MONDAY, June 26 (HealthDay News) -- Depression, delusions and hallucinations may be associated with physically and verbally aggressive behavior among nursing home residents, according to a study in the June 26 issue of the Archives of Internal Medicine.
MRSA Skin Infections in Three States Linked to Tattoos
FRIDAY, June 23 (HealthDay News) -- Forty-four people in the United States who received tattoos from 13 unlicensed practitioners in three states have contracted community-associated methicillin-resistant Staphylococcus aureus (CA-MRSA) skin infections, according to a report in the June 23 issue of the Morbidity and Mortality Weekly Report.
Ultramarathon Can Cause Exertional Rhabdomyolysis
THURSDAY, June 22 (HealthDay News) -- Prolonged, moderate intensity exercise experienced by ultramarathon runners may cause a significant rise in indicators of muscle and liver damage and cause serum enzyme activity changes similar to those which occur in an acute myocardial infarction, according to a report in the June issue of Medicine & Science in Sports & Exercise. However, this rise in creatine kinase and other factors is not accompanied by severe symptoms that require hospitalization, they note.
Cheap Pedometers Tend to Inaccurately Record Steps
THURSDAY, June 22 (HealthDay News) -- Pedometers have become widely available, but many cheaper models are not useful for health purposes because they do not accurately monitor the steps taken, according to a study published online June 21 in the British Journal of Sports Medicine.
Company-Sponsored Trials Affect Physician Choice of Meds
TUESDAY, June 20 (HealthDay News) -- Physicians participating in a company-sponsored clinical trial are not likely to stray from recommended treatment guidelines but they do tend to prescribe more of the company's drugs, according to a report in the June 21 issue of the Journal of the American Medical Association.
Brief CPAP Does Not Ease Hypertension in Sleep Apnea
MONDAY, June 19 (HealthDay News) -- Short-term continuous positive airway pressure (CPAP) does not significantly alleviate high blood pressure in patients with arterial hypertension and obstructive sleep apnea syndrome, according to a report in the June issue of Chest.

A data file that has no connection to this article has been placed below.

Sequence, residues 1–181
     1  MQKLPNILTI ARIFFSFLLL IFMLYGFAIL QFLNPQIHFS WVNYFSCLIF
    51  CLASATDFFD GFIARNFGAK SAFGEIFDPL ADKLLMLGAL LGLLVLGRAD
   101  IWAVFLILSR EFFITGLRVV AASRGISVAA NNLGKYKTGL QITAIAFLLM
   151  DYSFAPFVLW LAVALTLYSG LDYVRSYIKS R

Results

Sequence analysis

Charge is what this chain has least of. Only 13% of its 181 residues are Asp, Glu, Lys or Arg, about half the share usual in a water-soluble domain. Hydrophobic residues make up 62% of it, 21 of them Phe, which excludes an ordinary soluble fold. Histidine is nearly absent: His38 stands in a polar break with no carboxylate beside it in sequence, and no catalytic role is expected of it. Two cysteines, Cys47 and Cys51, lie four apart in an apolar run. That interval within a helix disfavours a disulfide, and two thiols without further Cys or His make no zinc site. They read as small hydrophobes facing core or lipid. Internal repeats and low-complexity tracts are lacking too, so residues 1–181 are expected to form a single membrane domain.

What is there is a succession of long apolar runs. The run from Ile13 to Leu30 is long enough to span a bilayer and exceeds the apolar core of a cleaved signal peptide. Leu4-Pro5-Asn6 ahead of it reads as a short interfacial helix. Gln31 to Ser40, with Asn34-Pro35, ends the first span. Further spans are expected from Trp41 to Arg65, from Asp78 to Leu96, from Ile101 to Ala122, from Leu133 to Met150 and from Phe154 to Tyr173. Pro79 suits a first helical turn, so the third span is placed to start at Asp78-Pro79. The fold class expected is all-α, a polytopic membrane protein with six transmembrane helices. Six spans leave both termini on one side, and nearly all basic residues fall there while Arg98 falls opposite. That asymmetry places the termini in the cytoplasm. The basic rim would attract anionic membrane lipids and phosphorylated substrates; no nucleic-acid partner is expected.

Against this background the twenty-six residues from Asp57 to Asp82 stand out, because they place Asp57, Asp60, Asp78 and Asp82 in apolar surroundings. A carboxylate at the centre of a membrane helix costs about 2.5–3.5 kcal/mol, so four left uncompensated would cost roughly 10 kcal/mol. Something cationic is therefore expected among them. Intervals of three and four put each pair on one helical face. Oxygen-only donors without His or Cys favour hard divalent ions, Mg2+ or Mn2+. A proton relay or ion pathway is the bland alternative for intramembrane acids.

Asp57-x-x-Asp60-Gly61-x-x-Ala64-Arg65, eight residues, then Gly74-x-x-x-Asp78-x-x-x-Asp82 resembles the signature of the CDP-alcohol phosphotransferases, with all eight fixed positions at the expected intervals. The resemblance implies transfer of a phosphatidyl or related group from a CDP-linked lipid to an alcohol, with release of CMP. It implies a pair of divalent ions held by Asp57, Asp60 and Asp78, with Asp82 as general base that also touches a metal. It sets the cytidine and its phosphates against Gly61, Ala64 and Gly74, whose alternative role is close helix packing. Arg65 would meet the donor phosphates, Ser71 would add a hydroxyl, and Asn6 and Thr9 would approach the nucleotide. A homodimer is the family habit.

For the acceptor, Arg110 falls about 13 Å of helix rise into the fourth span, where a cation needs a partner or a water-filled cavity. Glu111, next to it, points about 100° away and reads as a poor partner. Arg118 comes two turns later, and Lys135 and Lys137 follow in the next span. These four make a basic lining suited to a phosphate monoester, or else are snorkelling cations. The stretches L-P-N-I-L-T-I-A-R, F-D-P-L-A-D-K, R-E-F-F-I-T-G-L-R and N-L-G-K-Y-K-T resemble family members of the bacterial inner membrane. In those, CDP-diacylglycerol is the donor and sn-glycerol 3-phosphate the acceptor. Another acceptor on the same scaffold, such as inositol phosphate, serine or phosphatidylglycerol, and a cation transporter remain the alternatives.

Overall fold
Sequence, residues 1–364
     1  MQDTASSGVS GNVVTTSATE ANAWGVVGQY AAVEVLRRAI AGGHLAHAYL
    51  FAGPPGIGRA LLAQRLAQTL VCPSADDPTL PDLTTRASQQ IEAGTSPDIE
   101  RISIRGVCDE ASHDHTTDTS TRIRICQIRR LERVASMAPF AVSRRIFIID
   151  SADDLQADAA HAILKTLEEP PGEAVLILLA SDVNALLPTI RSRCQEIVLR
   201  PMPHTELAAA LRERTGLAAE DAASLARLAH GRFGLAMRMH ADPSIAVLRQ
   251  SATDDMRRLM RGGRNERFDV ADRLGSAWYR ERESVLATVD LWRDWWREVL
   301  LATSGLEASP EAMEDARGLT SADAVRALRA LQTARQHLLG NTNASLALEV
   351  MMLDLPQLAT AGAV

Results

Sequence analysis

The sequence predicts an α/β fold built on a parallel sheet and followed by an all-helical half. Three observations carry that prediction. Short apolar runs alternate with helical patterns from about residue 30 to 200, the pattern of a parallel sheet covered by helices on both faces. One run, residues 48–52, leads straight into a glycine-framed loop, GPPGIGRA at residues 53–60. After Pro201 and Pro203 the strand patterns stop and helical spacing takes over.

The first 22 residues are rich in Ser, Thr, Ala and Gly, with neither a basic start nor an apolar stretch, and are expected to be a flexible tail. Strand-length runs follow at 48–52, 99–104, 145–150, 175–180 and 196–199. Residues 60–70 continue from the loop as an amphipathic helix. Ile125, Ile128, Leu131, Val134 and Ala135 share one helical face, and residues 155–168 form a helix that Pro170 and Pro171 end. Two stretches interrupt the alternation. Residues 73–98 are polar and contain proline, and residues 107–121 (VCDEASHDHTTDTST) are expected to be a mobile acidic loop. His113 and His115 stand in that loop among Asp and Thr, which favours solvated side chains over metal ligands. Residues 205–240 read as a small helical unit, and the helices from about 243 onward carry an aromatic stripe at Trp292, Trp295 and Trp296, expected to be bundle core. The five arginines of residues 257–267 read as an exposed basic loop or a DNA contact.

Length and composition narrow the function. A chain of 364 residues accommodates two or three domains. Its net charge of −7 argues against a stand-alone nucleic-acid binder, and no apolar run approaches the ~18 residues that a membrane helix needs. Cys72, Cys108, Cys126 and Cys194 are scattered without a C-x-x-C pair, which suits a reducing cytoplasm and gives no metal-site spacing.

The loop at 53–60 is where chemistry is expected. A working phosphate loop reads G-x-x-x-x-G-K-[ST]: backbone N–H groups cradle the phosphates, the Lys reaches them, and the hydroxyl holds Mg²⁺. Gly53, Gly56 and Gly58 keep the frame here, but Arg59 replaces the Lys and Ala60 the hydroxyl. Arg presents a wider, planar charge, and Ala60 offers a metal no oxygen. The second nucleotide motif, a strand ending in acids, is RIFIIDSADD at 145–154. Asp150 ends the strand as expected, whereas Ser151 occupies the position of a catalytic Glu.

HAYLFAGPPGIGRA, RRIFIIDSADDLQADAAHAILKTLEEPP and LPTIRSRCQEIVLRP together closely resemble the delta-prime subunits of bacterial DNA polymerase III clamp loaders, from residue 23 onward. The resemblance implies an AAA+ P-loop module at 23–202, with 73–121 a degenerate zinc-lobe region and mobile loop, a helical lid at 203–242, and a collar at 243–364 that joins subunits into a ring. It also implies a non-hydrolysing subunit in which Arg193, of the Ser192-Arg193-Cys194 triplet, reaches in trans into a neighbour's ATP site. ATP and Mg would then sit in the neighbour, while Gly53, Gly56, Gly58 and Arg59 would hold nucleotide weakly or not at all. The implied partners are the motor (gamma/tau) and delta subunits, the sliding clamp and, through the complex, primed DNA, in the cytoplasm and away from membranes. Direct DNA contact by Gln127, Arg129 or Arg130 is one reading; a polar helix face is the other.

Chlorhexidine Reduces Ventilator-Associated Pneumonia
FRIDAY, June 16 (HealthDay News) -- The incidence of ventilator-associated pneumonia (VAP) can be reduced by topical application of chlorhexidine into the buccal cavity instead of antibiotics, according to a study published in the June 15 issue of the American Journal of Respiratory and Critical Care Medicine.
Dramatic Rise Predicted for Hip Fractures
FRIDAY, June 16 (HealthDay News) -- The estimated number of hip fractures worldwide may increase from 1.7 million in 1990 to 6.3 million in 2050 if incidence rates remain stable, and may rise to 8.2 million if incidence rates increase by 1 percent per year, according to a report published in the June 17 issue of The Lancet.
FDA Targets Unclear Medical Abbreviations
THURSDAY, June 15 (HealthDay News) -- The U.S. Food and Drug Administration and the Institute for Safe Medication Practices (ISMP) has launched a national health professional education campaign to eliminate a common but preventable cause of medication errors: unclear and potentially confusing abbreviations written by health care professionals and others.
In-Home Intervention Reduces Mortality in Older Adults